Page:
XBRL: yes or no?

For several years already, the idea of XBRL worried me. I was not quite sure what it was until I was reading an article about the history of accounting standards. The accounting development was based on providing greater standardization - so that people could compare different companies between each other.

Does not it sound similar to XBRL - apply tags and everybody understands what's going on?

Anyway, now all the accounting is in footnotes, and I can understand that because intangible value, for example, cannot be well represented through the means of GAAP.

Now to XBRL..... if we have all perfect standardized tags, we lose company's value because I do not think we can explain all companies with standard tools. Add footnotes to XBRL (SEC was talking about allowing text fields in there) and we lose the value behind the idea of XBRL - having easy-to-understand standardized descriptions of companies.

Anyway, this calls for more thinking (there is a reason it is not a required procedure yet)!

5 comments:

Anonymous said...

You ponder why isn't it a rule yet;
I suggest you read http://www.sec.gov/rules/proposed/2008/33-8924.pdf .

You ask how XBRL might help all of the information hidden in the Notes;
the SEC proposed rule calls for information hidden in the Notes to be tagged explicitly in the second year of each company's filings, so that a business fact embedded in the Notes is just as transparent as a fact on the face of the financials.

You ponder how it is possible to explain a company's unique nature with standard tools - the "X" part of XBRL allows for the extensibility of the standardized tools - customizable standards.

Rather than being "worried" about XBRL, why not express the business requirements you think are important, and ask the XBRL community if it has thought of and prepared for it?

Anonymous said...

So, what's new here? Tagging information in the Notes seems to be the same as typing it in the Notes...

Alexander said...

Well, no, I do not want to say that there is no difference between XBRL and just text.

What I am saying is the approach of "customizable standards" can be a very challenging beast to manage simply because it includes two opposites: customization and standardization.

If you standardize too much, you cannot describe all the peculiarities of the way the company makes money; but if you customize too much you might end up with too much clutter. Notes are already transparent today (they are just printed in small fonts) - isn't XBRL's promise to take that information out of footnotes and into the main document?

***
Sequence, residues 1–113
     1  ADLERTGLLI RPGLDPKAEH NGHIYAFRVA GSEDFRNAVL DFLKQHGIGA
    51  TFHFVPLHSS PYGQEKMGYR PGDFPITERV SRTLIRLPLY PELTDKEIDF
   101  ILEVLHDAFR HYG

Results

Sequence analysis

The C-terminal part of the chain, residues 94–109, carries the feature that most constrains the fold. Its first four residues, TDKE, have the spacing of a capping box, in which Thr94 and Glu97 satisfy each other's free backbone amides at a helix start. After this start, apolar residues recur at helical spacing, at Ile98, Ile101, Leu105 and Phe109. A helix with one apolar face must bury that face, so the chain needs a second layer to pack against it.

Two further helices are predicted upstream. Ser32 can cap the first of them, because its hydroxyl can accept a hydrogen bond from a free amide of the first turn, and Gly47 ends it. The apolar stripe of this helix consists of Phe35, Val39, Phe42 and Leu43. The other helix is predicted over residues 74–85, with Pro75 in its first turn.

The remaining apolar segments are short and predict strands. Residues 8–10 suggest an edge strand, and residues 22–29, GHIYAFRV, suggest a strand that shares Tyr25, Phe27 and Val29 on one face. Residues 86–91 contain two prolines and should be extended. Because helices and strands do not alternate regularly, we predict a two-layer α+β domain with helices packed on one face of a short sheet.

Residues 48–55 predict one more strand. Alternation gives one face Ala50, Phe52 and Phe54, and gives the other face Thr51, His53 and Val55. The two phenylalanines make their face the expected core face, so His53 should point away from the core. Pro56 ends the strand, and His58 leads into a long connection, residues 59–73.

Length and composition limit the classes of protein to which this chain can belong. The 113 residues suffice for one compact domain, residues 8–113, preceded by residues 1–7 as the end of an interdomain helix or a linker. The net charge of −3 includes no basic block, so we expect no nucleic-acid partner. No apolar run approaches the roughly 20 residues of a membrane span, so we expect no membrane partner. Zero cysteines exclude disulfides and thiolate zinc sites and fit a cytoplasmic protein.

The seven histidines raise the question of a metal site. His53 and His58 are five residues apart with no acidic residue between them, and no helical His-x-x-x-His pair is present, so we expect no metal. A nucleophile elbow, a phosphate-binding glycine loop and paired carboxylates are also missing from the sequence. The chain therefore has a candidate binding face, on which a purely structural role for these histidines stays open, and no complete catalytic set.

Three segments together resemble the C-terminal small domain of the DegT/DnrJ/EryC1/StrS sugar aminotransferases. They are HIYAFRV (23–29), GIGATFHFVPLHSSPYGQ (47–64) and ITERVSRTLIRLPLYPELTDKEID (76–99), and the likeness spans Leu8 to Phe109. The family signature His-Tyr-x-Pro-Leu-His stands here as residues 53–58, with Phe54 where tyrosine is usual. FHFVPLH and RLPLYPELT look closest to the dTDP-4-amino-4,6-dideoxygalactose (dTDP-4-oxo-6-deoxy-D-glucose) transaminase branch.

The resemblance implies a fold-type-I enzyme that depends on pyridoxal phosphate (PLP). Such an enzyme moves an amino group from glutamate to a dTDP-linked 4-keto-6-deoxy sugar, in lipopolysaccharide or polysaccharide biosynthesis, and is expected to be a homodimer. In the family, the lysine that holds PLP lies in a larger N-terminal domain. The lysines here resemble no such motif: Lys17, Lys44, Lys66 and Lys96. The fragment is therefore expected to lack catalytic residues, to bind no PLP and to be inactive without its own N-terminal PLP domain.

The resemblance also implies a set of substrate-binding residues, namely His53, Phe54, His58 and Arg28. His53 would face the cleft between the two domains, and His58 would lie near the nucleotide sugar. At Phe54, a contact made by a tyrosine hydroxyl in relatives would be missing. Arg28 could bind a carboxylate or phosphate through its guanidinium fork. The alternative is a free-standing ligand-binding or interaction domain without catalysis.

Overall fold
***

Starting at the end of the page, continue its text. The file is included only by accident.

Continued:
Dick Johnson said...

The point of XBRL, as I understand it, is not to capture every idiosyncrasy of each individual company - but to enable rapid mining of data to make comparisons across companies, industries or time periods. The comparisons likely won't be perfect. An investor will still need the human expertise and energy to analyze and make judgments. In this respect, the use of XBRL may be analogous to stock screening software: You can screen for a list of low P/E or high ROE companies, but a prudent investor will dig into what made up the net income figures used in those ratios, because some one-off may have inflated or deflated last year's earnings. Analysis still requires reading the financials, understanding industries and probably talking with management.

XBRL will allow the investor to construct his or her own metric - say, a cash flow measure adjusted to include or exclude certain items, or a measure tracking acceleration or deceleration in inventories and accounts receivable, or ... fill in the blanks.

The SEC's corporation finance chief, John White, offered a glimpse of this vision for XBRL's use by investors in his speech to the National Investor Relations Institute conference in June. I put together some notes on a page in my blog, located at http://ircafe.wordpress.com/notes-ir-20-and-the-sec/. I'm not part of the XBRL establishment, but as an IR practitioner I see the benefit of giving investors a new automated tool to quickly select stocks that may meet their portfolio needs.

Alexander said...

Yes, I agree 100% with this last comment.

At NIRI conference, however, I heard some IROs asking SEC if they can add notes, graphs, images, other text fields to XBRL - as if they wanted to make it THE ONLY WAY of communicating with their shareholders. In my mind, doing so can reduce the value of XBRL and investor relations, in general.

And then there was also an interesting discussion about what jobs XBRL can make obsolete - IROs or financial analysts...